For every prime $p$ exists infinitely many integers $n$ such that $p \mid 2^n-n$.

Prove that for every prime $p$ exists infinitely many integers $n$ such that $p \mid 2^n-n$.

I have no idea how to prove that.

• If you can find one solution you can find an infinite number, since $2^{n + p \cdot (p-1)} \equiv n + p \cdot (p-1) \pmod p$. – Dan Brumleve Jan 7 '15 at 18:21
• @DanBrumleve: Don't you need further specification/fixes for your equation? I don't think it is true for all n, p etc. I tested it for $n = p = 3$ and didn't work. (I hope, I didn't a calculation error in my head) – Imago Jan 7 '15 at 18:45
• Another way of thinking about it: you want to find an $n$ such that $2^n \equiv_p n$. Then by Dan's comment, you have infinitely many. – dalastboss Jan 7 '15 at 18:45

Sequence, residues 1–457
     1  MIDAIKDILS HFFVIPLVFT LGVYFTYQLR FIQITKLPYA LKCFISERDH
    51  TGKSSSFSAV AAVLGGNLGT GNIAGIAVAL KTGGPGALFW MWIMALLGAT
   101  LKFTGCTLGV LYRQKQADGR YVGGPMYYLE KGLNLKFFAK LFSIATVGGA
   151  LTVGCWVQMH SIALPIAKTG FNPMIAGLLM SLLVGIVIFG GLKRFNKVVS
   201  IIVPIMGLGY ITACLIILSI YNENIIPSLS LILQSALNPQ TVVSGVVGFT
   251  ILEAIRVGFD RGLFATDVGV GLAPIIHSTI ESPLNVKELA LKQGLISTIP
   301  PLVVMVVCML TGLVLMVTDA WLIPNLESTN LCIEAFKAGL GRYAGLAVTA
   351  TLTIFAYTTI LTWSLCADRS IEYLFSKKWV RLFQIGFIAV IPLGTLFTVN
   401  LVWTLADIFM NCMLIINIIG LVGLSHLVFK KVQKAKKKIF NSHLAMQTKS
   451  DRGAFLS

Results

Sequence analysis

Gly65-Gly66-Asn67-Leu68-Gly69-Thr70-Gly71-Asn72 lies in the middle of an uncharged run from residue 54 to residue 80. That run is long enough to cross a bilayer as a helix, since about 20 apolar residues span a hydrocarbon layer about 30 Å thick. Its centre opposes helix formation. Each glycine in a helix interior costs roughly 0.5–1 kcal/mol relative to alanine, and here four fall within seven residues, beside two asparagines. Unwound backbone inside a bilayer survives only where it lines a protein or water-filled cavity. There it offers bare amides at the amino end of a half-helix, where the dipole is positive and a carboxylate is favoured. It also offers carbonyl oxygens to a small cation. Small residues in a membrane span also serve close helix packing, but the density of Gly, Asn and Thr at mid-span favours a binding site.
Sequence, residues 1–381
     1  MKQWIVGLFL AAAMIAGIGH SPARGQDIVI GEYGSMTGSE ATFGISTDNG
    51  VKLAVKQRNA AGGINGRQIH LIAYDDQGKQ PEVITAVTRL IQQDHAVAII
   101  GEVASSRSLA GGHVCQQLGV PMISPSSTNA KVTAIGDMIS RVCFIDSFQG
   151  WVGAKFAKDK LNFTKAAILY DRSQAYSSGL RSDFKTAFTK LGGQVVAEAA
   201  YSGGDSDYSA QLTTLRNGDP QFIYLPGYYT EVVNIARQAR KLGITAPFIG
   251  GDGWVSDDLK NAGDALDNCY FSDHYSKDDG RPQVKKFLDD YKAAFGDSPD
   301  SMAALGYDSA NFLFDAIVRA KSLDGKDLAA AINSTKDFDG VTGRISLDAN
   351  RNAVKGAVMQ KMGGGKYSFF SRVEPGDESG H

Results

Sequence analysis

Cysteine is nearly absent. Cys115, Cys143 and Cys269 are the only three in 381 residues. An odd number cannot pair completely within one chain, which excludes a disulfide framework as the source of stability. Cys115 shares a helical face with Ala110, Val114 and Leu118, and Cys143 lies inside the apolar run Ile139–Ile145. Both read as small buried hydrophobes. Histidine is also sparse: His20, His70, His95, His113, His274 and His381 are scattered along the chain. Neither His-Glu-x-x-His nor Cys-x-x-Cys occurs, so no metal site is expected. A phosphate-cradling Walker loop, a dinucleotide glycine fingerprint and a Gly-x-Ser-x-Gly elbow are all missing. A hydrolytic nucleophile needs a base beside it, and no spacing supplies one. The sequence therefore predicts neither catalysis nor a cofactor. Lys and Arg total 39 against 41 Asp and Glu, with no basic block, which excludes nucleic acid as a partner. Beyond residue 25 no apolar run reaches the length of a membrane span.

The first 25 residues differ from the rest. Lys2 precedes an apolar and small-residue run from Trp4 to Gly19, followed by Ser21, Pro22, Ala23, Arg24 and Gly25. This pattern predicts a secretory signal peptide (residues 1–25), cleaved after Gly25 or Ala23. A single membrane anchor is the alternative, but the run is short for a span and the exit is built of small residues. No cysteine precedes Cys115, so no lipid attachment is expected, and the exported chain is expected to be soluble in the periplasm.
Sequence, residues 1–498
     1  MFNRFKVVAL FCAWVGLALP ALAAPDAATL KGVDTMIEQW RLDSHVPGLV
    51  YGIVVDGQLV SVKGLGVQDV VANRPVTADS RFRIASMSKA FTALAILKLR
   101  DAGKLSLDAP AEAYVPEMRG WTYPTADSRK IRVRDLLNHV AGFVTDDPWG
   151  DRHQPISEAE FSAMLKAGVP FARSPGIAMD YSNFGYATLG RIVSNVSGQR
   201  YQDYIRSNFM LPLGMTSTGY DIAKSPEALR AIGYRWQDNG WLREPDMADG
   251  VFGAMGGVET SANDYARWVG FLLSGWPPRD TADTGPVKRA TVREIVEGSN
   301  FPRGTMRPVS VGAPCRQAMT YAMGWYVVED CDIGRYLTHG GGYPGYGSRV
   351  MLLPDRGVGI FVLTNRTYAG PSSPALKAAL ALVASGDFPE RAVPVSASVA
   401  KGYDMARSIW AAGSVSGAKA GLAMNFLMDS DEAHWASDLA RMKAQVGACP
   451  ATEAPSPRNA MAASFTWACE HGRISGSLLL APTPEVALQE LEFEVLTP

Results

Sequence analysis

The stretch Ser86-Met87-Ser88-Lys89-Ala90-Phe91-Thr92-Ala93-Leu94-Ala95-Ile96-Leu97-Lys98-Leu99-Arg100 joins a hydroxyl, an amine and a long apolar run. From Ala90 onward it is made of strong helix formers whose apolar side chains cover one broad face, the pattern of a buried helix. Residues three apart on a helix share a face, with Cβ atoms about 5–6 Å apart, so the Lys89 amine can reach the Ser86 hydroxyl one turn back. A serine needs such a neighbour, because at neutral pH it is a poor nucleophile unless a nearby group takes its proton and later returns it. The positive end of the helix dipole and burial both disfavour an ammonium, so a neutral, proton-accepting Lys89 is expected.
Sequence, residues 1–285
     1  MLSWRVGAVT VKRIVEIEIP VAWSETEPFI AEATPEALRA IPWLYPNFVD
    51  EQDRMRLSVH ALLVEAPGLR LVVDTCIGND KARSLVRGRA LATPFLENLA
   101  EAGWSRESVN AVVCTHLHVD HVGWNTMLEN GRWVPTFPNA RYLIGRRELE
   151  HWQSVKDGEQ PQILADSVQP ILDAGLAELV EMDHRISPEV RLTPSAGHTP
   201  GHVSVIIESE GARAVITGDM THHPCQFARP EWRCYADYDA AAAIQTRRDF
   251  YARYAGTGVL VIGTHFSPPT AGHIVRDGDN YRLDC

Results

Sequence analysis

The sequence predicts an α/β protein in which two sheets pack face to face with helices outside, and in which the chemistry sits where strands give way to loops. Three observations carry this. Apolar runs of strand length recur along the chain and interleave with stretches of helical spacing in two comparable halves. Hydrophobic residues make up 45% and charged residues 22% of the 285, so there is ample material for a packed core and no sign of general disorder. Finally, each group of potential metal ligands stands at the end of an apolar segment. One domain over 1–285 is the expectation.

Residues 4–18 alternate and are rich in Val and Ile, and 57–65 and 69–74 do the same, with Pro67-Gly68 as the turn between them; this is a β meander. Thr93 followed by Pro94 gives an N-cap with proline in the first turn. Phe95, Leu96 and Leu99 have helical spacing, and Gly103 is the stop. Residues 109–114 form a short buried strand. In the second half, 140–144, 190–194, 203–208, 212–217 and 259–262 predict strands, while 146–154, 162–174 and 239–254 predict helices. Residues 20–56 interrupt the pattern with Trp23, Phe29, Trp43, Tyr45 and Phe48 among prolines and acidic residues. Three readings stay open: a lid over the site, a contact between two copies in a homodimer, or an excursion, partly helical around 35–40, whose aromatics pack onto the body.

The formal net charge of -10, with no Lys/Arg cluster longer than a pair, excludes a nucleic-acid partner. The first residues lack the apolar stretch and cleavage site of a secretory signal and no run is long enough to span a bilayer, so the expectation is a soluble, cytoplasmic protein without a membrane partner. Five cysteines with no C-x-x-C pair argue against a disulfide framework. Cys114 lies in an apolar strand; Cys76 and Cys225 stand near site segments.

• I don't doubt, it works for infinity many cases :) just that one might need specification for n and p; – Imago Jan 7 '15 at 18:48
• The specification is that $p \mid 2^n - n$. When $n = p = 3$ this is saying that $3 \mid 5$ which is not true, which is why that case does not work. – dalastboss Jan 7 '15 at 18:53

Let $o:=ord(2,p)$ be the smallest positive number with $2^o\equiv 1\ (\ mod\ p\ )$
Then we have for every natural number $k$ : $2^{ok}\equiv 1\ (\ mod\ p\ )$
Because of $1 < o < p$ there exists $q$ with $oq\equiv 1\ (\ mod\ p\ )$
So we have $2^{oq}\equiv oq\equiv 1\ (\ mod\ p\ )$